Drug metabolism and disposition 2
Upcoming SlideShare
Loading in...5
×
 

Drug metabolism and disposition 2

on

  • 576 views

 

Statistics

Views

Total Views
576
Views on SlideShare
576
Embed Views
0

Actions

Likes
0
Downloads
8
Comments
0

0 Embeds 0

No embeds

Accessibility

Categories

Upload Details

Uploaded via as Adobe PDF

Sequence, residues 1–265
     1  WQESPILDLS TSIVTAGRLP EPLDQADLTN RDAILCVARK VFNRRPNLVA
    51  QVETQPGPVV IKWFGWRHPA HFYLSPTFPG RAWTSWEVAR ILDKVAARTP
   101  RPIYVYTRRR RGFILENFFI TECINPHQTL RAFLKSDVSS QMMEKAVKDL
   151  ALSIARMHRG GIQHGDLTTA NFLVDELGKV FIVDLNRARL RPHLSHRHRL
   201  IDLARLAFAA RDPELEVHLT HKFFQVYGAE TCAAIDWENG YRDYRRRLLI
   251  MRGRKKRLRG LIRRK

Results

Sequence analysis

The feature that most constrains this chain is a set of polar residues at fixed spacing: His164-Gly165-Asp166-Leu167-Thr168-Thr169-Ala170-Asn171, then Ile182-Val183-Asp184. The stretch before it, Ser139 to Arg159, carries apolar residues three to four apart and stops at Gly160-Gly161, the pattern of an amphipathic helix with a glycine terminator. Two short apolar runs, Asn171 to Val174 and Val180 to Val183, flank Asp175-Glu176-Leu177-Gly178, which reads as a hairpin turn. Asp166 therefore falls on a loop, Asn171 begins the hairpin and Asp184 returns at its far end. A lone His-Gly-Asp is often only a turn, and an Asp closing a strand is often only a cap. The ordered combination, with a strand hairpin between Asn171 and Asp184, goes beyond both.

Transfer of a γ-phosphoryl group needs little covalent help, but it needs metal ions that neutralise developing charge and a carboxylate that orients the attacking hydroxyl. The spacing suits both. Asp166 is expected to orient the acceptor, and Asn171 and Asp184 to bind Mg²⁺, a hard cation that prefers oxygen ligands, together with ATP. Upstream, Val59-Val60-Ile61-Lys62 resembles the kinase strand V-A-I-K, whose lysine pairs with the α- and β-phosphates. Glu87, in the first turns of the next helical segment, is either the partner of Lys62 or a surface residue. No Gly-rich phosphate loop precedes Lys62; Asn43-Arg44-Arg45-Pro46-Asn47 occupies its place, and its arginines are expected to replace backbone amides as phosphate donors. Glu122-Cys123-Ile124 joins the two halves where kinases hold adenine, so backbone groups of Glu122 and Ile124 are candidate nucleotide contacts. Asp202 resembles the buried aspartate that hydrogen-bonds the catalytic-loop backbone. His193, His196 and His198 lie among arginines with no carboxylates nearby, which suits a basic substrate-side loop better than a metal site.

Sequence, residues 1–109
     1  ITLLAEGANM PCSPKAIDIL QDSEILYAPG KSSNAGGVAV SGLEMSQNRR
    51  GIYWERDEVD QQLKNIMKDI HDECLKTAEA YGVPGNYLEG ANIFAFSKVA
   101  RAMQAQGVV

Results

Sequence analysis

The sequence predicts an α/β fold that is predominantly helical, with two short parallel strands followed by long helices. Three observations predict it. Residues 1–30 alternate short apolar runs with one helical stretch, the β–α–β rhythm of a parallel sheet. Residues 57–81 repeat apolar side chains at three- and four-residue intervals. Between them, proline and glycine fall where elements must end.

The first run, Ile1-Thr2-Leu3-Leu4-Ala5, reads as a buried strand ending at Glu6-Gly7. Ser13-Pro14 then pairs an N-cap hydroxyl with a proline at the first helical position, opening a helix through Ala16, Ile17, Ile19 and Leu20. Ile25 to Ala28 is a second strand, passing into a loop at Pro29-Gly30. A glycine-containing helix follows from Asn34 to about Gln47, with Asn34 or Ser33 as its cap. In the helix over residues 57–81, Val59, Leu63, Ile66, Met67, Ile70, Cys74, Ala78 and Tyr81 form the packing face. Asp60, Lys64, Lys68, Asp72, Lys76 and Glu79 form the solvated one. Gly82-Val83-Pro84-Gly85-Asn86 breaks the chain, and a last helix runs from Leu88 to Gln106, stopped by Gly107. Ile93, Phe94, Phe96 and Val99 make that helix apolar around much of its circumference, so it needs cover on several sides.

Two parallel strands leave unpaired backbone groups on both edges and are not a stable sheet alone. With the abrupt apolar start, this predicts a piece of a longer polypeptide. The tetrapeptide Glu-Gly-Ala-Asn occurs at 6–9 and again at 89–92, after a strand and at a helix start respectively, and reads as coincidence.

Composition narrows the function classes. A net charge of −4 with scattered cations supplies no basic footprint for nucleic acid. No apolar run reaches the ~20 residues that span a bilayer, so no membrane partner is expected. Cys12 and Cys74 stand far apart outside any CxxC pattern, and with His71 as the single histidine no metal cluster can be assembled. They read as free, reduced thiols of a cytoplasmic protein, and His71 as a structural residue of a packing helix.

Usage Rights

© All Rights Reserved

Report content

Flagged as inappropriate Flag as inappropriate
Flag as inappropriate

Select your reason for flagging this presentation as inappropriate.

Cancel
  • Full Name Full Name Comment goes here.
    Are you sure you want to
    Your message goes here
    Processing…
Post Comment
Edit your comment

Drug metabolism and disposition 2 Drug metabolism and disposition 2 Document Transcript